or Connect
New Posts  All Forums:Forum Nav:

Training Cooks

post #1 of 11
Thread Starter 

Hello everyone 

 

I'm living in Barbados and having a lot difficulty training cooks.  They seem to have issues with remembering the most simple things and everyday feels like a restart.  The food on our menu is pretty basic and doesn't take a lot of skill to prepare.  And the morning prep isn't a lot but for some unknown reason they can't get it right.  I've written out detail description of every dish and a step by step list of how to make a the dishes.  I've work side by side with every cook and  it's getting frustrating having to step in everyday.  Any ideas on how to help retain more when it's being taught.  

post #2 of 11

What makes them retain is pure repetition. Coupled with their DESIRE to learn it.

If thats present, then they need to stick to one element of prep, etc, until they can

do it in their slleep, before moving to something else. Some people need baby steps.

 

But there could be sveral reasons for the lack of retention and it can vary with each person.

The first thing that comes to mind is how motivated they are to learn it. In other words,

if they've come to feel they have all their lives to get it right, then they probabbly never will.

If on the other hand they're made to feel they have say, another week to learn it....

or ELSE.... well its amazing how nicely the fear of reunemployment effects the learning curve.

 

Next question is the source--where did you find these employees? Newspaper, resumes....

a sign in the winder? Pre qualifying potentials can help a lot.

We had one 22 year old in the restaurant, a decent resume, hired as a line cook trainee.

Same thing-- you had to retrain him every single day as though it were the first,

even to do simple things like ... look at the ticket.

 

After a month of this, he finally admitted he was staying up almost every night

drinking and smoking dope with his buds, courtesy of his new found kitchen income. lol

1 more week to clean up his muddled mind, he failed, and he was pinked.

post #3 of 11

It seems that your cooks never ever  worked before ?

Mice-en Place is right when he says repetition is one way of straightening things out.

Threateing of getting kicked out of the kitchen is useless. Your guys do not have any motivation yet to keep their job, Somehow you must find something in everyone of them to find their desire to always do things right.

It is going to be hard if have to deal with such individuals who are lacking any ambition to succeed.

Barbados rum can have many negative side-effectson its users.

10 years ago ,I almost retired in Barbados and think I do know the general attitude of its population.

With persistence you might be able to train some of your cooks to be useful and responsible  employees,but not all will respond the same way.

Best of luck, hang in there and pray for the best

Every smoker quits smoking sooner or later!

Only the smart ones are doing it while they are still alive.

Wer den Pfennig nicht ehrt,

Ist des Talers nicht wehrt !

Reply

Every smoker quits smoking sooner or later!

Only the smart ones are doing it while they are still alive.

Wer den Pfennig nicht ehrt,

Ist des Talers nicht wehrt !

Reply
post #4 of 11

What are they smoking on their split ???

 

On a more serious note make idiot cards -

Flip books of each step with a photo and a brief description of the Mise en place / service procedure required .

We also had a large photo board in the kitchen with each dish photographed .

My posts are different , I speak in cm , Celsius , kilo's and call stuff weird names like Glad Wrap , Bicarb , Capsicum & Gravox . Might take you a little while to get my lingo but we're basically speaking the same language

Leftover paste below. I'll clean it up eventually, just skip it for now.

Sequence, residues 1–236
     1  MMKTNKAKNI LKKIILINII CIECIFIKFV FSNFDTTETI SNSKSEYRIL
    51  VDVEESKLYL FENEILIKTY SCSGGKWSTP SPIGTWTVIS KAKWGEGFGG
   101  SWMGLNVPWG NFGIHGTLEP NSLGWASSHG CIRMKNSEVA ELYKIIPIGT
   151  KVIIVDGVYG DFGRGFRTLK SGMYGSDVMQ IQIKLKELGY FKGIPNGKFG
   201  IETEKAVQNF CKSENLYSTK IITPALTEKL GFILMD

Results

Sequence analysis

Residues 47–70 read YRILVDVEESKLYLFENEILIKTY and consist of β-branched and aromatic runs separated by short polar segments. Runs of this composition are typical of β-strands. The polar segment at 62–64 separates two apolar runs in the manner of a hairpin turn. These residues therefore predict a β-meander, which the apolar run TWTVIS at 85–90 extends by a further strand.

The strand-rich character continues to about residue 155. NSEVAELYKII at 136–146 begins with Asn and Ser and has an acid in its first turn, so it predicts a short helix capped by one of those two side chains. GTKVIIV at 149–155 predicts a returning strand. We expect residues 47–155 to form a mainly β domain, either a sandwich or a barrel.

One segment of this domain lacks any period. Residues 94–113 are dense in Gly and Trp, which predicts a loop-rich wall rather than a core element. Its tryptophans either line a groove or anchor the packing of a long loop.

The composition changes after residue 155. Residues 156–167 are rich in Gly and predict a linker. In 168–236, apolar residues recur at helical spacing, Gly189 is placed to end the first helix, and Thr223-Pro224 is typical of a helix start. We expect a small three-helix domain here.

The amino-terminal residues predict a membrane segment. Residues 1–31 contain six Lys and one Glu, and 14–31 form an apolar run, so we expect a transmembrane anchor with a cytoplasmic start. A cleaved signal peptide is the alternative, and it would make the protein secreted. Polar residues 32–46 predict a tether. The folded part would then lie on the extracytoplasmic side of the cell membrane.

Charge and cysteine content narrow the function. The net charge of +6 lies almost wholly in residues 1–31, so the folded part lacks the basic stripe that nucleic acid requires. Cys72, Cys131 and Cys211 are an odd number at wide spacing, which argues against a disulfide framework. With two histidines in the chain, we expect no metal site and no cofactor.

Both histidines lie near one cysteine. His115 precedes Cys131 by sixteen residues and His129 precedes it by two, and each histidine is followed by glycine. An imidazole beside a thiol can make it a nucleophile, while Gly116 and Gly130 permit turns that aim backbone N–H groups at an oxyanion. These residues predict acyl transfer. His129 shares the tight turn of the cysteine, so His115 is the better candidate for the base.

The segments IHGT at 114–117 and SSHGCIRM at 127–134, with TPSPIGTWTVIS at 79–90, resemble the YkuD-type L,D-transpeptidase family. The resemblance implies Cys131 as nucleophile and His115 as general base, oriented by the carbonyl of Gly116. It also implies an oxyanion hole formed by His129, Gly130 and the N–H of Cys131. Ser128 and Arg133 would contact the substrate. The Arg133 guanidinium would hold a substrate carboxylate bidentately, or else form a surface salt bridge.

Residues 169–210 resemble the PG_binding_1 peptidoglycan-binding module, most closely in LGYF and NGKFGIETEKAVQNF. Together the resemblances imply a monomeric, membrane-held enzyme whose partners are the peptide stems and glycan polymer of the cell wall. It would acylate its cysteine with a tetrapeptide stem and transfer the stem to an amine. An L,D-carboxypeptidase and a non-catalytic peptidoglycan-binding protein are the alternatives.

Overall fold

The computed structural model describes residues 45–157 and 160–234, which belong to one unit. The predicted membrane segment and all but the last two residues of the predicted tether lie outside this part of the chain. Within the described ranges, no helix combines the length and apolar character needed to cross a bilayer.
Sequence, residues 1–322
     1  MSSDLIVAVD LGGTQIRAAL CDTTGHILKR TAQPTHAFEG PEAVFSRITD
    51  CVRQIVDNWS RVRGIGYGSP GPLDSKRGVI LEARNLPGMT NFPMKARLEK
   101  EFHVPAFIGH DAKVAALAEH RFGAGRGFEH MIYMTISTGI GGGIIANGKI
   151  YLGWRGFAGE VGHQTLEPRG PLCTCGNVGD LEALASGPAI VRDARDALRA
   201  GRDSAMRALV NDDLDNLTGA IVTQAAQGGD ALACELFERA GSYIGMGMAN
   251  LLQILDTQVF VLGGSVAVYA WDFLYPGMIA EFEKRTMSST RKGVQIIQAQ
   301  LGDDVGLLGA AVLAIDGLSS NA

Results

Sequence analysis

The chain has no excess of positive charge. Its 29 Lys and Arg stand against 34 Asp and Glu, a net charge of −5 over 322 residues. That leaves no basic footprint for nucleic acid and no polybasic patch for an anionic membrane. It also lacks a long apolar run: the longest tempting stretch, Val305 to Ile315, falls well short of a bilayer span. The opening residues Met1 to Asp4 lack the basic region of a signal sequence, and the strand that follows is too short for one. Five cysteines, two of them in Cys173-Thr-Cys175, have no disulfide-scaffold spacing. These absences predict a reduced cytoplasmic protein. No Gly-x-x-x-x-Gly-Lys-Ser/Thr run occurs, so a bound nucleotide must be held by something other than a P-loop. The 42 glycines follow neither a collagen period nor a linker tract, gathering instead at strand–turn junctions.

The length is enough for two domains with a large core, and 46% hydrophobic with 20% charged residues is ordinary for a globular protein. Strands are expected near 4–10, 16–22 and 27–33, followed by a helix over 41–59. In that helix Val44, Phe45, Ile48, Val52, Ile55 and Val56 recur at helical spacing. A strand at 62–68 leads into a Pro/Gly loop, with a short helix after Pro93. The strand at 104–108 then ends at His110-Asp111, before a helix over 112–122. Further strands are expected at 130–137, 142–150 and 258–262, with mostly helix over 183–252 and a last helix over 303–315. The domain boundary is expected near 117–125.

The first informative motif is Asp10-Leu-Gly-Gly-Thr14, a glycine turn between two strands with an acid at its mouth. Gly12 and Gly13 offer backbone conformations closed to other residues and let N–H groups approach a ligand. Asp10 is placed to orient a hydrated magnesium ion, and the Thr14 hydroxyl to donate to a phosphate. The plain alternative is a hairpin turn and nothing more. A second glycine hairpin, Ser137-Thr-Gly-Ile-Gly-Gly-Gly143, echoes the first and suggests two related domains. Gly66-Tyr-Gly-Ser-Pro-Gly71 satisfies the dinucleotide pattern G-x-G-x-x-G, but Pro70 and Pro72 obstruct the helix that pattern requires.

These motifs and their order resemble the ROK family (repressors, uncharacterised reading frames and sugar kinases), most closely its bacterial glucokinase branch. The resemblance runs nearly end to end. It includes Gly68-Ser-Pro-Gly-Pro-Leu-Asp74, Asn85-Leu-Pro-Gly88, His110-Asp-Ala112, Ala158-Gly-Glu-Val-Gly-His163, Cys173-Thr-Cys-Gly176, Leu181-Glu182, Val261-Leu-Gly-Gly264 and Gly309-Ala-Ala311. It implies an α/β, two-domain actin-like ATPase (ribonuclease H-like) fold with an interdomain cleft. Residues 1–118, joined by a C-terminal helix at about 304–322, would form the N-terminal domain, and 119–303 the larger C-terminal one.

http://sneakykitchen.com/Glossary/translations.htm

 

Good onya...

Reply

My posts are different , I speak in cm , Celsius , kilo's and call stuff weird names like Glad Wrap , Bicarb , Capsicum & Gravox . Might take you a little while to get my lingo but we're basically speaking the same language 

 

http://sneakykitchen.com/Glossary/translations.htm

 

Good onya...

Reply
post #5 of 11

If you throw them out, the government will support them anyway.So why work? They are lazy and do not really want to work.. I once stopped in Florida to pick up a guy flashing a sign Need Work Please Help .. That day I was short dishwashers, I asked him if he wanted to work explaining $9.00 per hour plus meals ;

He said no, claiming he made more out here pan-handleing? and doing nothing but taking in sun and fresh air.  Only in America

Chef EdB
Over 50 years in food service business 35 as Ex Chef. Specializing in Volume upscale Catering both on and off premise .(former Exec. Chef in the largest on premise caterer in US  with 17 Million Dollars per year annual volume). 
      Well versed in all facets of Continental Cuisine...

Reply

Chef EdB
Over 50 years in food service business 35 as Ex Chef. Specializing in Volume upscale Catering both on and off premise .(former Exec. Chef in the largest on premise caterer in US  with 17 Million Dollars per year annual volume). 
      Well versed in all facets of Continental Cuisine...

Reply
post #6 of 11

Ask them what you can do to help them retain more when being taught. "Help me to understand why you are having difficulty with this." "What suggestions can you come up with that will help you to remember how to do this again so that we can work better as a team." In my experience, they are a proud people so sting their pride a bit. Just be sure to do it in a bit in a non-aggressive manner. Put the ball in their court.

Wisdom comes with age, but sometimes age comes alone.
Reply
Wisdom comes with age, but sometimes age comes alone.
Reply
post #7 of 11
I don't want to sound mean but it seems like you're coddling them too much. It's hard to find good motivated people but worth the effort. Lay down some rules and expectations. I'm a big fan of the three strikes rule. Three screwups in a week/month/pay period and you're canned. We have an idea we borrowed from the show BONES. Every week someone is crowned king of the kitchen and gets to wear a crown for their shift. It's stupid butbthe competition is pretty fierce. It is good to be king.

Apprentichef - Six stitches to go home early and you can't die until your shift is over.

 

Reply

Apprentichef - Six stitches to go home early and you can't die until your shift is over.